Sunflower seeds and suet are my go-to picks for bird feeding. However, there are several unique foods you can feed birds, many of which may be in your cupboard right now!
Before jumping in, it’s important to note that oats, pasta, and bread are not on this list. These foods don’t provide nutritional value and can also be harmful to birds. If you want to learn more, read my story on why to avoid feeding birds bread.
Without further ado, here are seven weird things you can safely feed your neighborhood birds in addition to regular bird seed.
Baked Egg Shells
Birds need calcium, especially in the spring during egg laying season. Egg shells are a great source of this nutrient. You can save your leftover egg shells, bake them in the oven to sterilize them, and crush them up finely. According to Audubon, you should rinse the shells off in the sink, spread them out on a cookie sheet, and bake them in the oven at about 250 degrees for 10 minutes.
Birds will love pecking at the shells and getting a crucial calcium boost.
Raisins and Grapes
These sweet treats are a great source of energy for birds. Chop up grapes into smaller pieces to make them easier for birds to eat.
Raisins can make for a fun addition to regular bird seed for a trail mix approach! You should also cut these down to make them as easy as possible for birds to eat and digest.
Catbirds, House Finches, Robins, Orioles, Tanagers, and Red Bellied Woodpeckers may all take part in chowing down on grapes and raisins.
Similar in consistency to suet, peanut butter is a fun, high-fat treat to offer birds, especially in the winter.
The Cornell Bird lab says grocery store peanut butter is safe to feed for birds, you may want to avoid serving it in the summer as it spoils quickly. Consider adding some cornmeal to your bird peanut butter to make it easier for birds to consume.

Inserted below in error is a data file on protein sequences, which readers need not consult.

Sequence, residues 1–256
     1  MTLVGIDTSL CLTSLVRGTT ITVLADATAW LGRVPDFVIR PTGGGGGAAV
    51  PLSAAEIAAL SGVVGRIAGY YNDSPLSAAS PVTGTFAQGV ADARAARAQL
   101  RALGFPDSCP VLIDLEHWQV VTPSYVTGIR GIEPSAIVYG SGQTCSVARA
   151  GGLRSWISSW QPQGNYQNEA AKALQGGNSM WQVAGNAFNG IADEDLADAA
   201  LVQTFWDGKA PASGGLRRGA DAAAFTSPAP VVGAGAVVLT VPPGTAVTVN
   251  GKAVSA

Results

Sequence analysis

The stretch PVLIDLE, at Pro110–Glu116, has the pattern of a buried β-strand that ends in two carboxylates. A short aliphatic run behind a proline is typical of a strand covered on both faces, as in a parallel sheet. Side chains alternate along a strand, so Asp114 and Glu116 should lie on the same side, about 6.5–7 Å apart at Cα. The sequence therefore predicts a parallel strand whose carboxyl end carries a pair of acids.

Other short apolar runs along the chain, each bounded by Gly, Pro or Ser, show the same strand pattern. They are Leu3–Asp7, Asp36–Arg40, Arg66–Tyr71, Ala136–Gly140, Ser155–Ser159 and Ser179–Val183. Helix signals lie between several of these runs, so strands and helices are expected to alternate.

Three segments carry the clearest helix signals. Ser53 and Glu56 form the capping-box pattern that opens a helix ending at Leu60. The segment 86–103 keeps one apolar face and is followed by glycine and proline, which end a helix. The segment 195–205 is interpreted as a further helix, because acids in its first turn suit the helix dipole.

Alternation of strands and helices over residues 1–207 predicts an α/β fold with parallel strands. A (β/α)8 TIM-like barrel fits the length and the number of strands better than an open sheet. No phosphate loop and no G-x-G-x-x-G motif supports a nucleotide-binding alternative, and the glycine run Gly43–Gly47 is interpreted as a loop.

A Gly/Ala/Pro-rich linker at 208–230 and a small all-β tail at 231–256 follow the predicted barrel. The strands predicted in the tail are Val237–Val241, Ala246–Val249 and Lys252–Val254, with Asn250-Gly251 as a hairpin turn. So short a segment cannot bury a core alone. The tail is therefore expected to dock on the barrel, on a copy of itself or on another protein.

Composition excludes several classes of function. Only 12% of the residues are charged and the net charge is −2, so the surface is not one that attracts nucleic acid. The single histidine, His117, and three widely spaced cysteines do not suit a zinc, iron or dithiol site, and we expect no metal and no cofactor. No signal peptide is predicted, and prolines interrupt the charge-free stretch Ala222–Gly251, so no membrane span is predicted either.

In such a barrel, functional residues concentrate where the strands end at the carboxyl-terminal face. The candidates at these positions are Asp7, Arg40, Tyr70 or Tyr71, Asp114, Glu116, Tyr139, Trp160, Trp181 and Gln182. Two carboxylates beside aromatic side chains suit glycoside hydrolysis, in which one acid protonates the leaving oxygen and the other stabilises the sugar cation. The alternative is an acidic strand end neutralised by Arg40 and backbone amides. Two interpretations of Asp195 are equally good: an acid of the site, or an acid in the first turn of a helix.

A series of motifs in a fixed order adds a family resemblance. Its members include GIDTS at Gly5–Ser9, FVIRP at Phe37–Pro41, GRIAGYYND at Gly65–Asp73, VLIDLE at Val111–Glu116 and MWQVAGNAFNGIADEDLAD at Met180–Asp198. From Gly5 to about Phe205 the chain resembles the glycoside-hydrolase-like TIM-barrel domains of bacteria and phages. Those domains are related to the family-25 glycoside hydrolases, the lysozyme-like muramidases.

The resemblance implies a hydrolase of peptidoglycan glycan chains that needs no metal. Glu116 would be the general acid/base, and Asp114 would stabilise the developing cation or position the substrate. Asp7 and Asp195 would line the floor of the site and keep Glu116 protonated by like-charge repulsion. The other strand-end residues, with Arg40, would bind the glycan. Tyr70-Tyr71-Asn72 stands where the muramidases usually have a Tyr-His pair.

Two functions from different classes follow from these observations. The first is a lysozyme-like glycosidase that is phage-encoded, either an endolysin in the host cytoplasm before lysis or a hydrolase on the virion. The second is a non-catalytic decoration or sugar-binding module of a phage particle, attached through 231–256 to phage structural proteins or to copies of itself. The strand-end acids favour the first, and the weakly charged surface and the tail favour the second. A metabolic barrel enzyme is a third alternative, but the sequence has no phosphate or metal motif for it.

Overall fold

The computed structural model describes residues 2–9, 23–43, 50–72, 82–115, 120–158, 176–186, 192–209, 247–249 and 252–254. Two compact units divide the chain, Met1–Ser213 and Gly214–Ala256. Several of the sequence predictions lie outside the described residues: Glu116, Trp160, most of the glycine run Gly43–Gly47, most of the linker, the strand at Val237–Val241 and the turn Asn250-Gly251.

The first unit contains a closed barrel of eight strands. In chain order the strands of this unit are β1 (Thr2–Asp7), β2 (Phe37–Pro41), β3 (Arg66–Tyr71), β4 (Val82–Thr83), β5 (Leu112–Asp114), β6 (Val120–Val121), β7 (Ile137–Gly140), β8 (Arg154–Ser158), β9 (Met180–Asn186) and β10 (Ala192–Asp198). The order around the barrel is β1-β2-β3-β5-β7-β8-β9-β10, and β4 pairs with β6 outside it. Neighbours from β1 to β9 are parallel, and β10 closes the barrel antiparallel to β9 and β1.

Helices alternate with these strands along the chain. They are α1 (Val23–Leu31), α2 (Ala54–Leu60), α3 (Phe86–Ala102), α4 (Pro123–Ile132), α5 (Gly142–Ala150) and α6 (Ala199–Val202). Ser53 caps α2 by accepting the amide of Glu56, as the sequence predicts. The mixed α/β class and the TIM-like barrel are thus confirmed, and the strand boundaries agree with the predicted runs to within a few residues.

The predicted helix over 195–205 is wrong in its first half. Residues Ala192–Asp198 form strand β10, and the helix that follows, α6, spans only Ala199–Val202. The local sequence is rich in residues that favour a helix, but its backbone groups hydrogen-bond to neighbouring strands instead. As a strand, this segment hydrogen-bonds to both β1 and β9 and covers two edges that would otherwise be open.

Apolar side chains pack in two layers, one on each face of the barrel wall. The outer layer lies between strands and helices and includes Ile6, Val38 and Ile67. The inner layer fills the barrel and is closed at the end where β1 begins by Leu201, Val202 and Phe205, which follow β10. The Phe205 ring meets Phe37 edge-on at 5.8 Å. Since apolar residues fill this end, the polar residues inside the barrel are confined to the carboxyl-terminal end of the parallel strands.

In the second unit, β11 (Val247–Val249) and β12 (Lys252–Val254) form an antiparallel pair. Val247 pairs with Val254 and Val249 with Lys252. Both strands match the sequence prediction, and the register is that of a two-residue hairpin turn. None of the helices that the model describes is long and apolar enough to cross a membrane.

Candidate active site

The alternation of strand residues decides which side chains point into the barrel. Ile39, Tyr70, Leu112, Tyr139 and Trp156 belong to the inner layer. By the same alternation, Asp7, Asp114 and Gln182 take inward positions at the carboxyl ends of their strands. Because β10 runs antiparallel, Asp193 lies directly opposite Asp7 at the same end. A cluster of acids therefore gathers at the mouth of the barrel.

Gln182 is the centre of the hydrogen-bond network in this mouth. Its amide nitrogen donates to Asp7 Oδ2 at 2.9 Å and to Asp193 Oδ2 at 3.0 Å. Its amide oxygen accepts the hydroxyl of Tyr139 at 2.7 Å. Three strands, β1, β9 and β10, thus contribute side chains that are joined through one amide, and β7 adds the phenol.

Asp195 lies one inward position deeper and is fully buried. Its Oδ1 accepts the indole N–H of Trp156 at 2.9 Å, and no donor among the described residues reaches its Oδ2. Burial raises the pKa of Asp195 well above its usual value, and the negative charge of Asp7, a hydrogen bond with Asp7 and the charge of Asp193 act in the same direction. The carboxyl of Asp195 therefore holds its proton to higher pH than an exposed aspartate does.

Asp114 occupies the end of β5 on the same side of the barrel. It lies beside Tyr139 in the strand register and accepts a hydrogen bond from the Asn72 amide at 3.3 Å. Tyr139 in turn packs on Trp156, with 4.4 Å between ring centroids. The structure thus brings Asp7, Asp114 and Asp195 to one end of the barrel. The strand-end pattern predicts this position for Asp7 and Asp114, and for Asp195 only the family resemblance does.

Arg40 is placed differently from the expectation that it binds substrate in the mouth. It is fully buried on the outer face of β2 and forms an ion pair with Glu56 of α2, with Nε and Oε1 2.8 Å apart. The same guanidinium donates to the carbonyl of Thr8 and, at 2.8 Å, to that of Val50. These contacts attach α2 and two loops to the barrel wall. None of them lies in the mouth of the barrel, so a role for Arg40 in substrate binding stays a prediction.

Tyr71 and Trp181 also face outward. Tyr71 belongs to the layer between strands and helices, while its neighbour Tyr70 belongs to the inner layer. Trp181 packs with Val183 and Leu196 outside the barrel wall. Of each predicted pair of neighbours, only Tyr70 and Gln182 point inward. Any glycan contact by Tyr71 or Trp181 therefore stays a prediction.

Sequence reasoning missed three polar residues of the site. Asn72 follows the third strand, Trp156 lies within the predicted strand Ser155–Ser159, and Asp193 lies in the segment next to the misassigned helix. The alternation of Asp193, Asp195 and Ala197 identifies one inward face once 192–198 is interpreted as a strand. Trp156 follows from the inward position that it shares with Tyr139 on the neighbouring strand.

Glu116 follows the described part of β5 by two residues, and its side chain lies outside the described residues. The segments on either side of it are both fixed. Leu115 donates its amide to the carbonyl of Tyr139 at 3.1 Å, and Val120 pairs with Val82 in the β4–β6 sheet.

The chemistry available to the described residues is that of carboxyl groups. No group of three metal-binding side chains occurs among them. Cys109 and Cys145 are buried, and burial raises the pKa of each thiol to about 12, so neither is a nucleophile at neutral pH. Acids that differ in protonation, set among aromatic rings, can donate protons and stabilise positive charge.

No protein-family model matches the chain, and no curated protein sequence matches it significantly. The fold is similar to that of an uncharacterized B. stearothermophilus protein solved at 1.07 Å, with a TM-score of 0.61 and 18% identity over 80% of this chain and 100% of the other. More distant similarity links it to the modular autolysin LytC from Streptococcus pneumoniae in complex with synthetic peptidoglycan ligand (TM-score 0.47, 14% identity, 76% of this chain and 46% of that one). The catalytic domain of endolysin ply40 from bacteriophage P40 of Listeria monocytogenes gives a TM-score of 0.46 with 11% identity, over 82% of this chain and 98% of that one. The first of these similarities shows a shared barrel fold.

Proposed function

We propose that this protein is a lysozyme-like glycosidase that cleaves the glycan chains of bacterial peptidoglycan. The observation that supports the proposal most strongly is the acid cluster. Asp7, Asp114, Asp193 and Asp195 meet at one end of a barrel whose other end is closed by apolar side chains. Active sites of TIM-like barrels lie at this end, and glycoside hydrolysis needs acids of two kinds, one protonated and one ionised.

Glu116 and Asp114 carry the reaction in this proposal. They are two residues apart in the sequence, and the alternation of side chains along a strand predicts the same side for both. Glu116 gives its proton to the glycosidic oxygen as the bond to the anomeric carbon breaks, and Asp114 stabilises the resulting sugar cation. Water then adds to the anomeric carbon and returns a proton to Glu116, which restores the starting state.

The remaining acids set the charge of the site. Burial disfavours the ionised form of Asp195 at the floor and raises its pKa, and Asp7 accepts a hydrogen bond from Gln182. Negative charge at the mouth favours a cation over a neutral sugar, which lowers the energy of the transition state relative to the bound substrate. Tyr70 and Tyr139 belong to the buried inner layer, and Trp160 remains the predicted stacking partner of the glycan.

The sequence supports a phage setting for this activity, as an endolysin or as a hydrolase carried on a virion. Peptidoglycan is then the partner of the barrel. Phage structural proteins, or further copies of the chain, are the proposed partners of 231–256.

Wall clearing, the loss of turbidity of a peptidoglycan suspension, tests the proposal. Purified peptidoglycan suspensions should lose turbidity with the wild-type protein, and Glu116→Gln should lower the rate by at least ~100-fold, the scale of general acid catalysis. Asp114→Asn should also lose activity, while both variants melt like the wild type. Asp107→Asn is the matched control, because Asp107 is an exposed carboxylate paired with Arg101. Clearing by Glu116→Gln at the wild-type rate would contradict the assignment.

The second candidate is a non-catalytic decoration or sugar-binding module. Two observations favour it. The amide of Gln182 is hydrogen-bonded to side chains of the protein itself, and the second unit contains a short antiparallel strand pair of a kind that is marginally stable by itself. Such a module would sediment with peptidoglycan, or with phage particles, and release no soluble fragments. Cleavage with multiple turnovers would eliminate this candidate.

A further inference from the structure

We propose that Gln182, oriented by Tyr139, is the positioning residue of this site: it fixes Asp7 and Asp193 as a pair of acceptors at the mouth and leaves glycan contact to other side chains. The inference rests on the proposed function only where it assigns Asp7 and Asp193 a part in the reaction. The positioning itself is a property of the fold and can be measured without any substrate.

Peanut butter is tricky to feed birds in the summer. It will spoil pretty quickly. I’d recommend using it as a fun wintertime energy treat for birds!
Grape jelly is another sweet treat that birds love. Look for a brand that doesn’t contain high fructose corn syrup, and offer it in small amounts during the spring migration season. In the summer, switch to offering birds high energy seed mixes, suet, and mealworms to aid in their preparation for fall migration, or the long winter ahead.
Grape jelly is my top food for attracting Baltimore Orioles in the spring. But, it’s also enjoyed by several other birds like Gray Catbirds and House Finches.
Apples are a great source of fiber and vitamins for birds. Slice them up into small pieces and remove the seeds before offering them to your feathered friends.
The Cornell Bird Lab endorses apples for bird feeding and also has a picture or Cardinals enjoying this treat.
Oranges are a must-have at your bird feeding station in the spring and summer. They’re essential for attracting Baltimore Orioles. House Finches, Catbirds, and Woodpeckers also enjoy it as a sweet treat at bird feeding stations.
Replace your oranges as soon as they get dried out. I always have a few in my pantry to swap in during the week.
Mealworms are a great source of protein for birds, and they’re especially popular among insect-eating birds like bluebirds and chickadees.
According to the Cornell Bird Lab, mealworms are the larva of mealworm beetles. They’re also a good source of protein and calcium, which is especially important for birds during the spring mating season. You can feed bids mealworms from a tray, hopper or specialized bird feeder. You can see the different kind of birds that eat mealworms in my story linked below.
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